A joint study from URV and the University of Berkeley is studying zebrafish hearing.

URV researcher Jordi Marce-Noguet and UC Berkeley researcher Juan Liu worked together to analyze the behavior of the bones of the Weber’s apparatus – part of the auditory system – of the zebrafish (Zebrafish). They confirmed that the resonant frequency of fish ear bones matches their audible spectrum and that the behavior of these small bones does not change depending on their size. Their research allowed them to develop a method for non-invasive study of anatomical structures, allowing them to understand and study the human body. The results were published in the journal Interfacefrom the Royal Society of London.

The Weber system is part of the zebrafish’s auditory system and connects the zebrafish’s inner ear to the swim bladder, a buoyancy organ found in many fish and cetaceans. “The analogy between some human organs and the organs of these animals has made them a popular subject of study recently,” explains Marcé-Noguet, a postdoctoral fellow in the Department of Mechanical Engineering. Thus, discoveries about this species may be useful for better understanding the functioning of organs in the human body or for achieving medical advances.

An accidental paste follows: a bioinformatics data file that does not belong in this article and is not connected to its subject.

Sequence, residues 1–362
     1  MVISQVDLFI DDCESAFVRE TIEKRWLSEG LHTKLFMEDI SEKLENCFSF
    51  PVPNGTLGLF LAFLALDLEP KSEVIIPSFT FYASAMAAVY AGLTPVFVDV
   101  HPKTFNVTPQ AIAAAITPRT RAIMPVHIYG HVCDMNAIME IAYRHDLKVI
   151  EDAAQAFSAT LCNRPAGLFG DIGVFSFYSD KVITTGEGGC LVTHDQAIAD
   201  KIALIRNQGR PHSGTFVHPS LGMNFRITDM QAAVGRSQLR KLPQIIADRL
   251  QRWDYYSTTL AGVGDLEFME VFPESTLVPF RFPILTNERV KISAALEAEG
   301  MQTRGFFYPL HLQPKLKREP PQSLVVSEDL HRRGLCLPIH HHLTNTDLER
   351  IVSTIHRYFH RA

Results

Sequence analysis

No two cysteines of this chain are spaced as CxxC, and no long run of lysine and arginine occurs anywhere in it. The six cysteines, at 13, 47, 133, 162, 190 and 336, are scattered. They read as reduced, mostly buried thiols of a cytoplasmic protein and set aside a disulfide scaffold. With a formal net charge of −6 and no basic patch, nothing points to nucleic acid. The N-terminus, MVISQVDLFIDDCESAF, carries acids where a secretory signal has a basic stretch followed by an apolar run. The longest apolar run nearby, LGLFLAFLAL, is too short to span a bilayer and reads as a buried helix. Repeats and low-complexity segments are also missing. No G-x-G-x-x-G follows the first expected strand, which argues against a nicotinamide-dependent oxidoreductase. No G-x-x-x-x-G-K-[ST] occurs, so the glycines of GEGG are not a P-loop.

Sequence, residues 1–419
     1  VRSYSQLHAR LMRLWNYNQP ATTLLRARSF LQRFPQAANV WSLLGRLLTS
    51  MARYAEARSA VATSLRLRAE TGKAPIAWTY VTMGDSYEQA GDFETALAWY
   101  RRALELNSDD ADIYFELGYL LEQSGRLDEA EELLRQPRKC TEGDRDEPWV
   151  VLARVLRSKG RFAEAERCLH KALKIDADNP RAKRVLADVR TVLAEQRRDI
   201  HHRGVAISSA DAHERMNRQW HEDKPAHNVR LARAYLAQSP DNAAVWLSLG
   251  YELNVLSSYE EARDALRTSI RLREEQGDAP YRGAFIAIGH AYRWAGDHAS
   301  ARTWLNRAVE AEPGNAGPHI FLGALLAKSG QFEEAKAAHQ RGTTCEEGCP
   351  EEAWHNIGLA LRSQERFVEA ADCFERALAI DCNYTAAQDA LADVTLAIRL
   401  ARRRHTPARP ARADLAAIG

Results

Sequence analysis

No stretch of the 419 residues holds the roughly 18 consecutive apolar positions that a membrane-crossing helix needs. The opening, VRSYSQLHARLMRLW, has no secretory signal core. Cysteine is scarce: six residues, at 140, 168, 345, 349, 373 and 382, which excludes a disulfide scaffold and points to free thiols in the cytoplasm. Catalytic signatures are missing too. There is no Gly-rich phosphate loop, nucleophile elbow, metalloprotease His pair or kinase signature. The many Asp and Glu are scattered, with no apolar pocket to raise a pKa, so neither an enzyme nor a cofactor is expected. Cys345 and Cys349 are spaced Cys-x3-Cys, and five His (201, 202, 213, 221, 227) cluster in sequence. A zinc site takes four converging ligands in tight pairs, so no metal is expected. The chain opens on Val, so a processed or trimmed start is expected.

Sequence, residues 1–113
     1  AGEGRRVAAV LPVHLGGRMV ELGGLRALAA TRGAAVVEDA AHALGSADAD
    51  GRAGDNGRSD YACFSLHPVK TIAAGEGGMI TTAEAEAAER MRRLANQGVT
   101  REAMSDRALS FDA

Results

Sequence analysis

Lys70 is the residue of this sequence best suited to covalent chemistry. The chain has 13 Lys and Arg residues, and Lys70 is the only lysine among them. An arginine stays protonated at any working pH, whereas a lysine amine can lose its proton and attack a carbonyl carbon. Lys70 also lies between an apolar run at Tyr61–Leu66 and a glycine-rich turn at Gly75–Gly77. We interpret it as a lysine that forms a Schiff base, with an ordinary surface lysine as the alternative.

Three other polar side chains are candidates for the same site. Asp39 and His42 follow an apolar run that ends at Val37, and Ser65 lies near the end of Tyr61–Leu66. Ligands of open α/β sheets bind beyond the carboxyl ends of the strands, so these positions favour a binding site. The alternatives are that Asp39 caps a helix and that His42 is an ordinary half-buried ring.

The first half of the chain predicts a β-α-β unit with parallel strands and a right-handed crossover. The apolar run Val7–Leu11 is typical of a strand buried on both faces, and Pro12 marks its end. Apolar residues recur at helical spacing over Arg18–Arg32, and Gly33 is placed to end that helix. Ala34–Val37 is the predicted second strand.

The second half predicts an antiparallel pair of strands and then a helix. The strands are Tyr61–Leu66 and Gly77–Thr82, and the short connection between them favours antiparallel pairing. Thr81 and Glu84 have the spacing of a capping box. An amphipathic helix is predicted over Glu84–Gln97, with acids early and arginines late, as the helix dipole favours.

Marcé-Noguet and Liu developed a three-dimensional virtual model of the system’s ossicular array based on previous studies and consolidated anatomical models. This virtual model was subjected to audio sweeping in a simulation using the finite element method, a computational method commonly used in mechanical engineering. That is, the vibration of bones has been studied depending on the frequency of the sound source affecting them. These vibrations are transmitted in bodies and cause them to vibrate to a greater or lesser extent depending on the material from which they are made and their structure. This analysis determined that the resonant frequency of the ossicles, that is, the frequency at which the bones vibrate most intensely, matches the audible spectrum of these animals. In parallel, they created ten models, changing the size of the bones, and repeated the experimental method. The results show that the resonant frequency does not change depending on the size of the bones, but will depend on other factors of their nature.

Behavior of ossicles depending on the applied frequency.

The study conducted by Marcé-Noguet and Liu validated a methodological model that allows virtual experiments based on anatomical models. According to Marse-Noguet, this allows us to non-invasively study how changes in anatomical structures affect their behavior, either because certain organs cannot be accessed or because they do not exist at all.

Link: Marce-Noguet Jordi & Liu Huang, 2024. Finite element modeling of sound transmission in the zebrafish Weber apparatus (Danio Rerio). R. Social Interface. 21: 20230553. 20230553. http://doi.org/10.1098/rsif.2023.0553.

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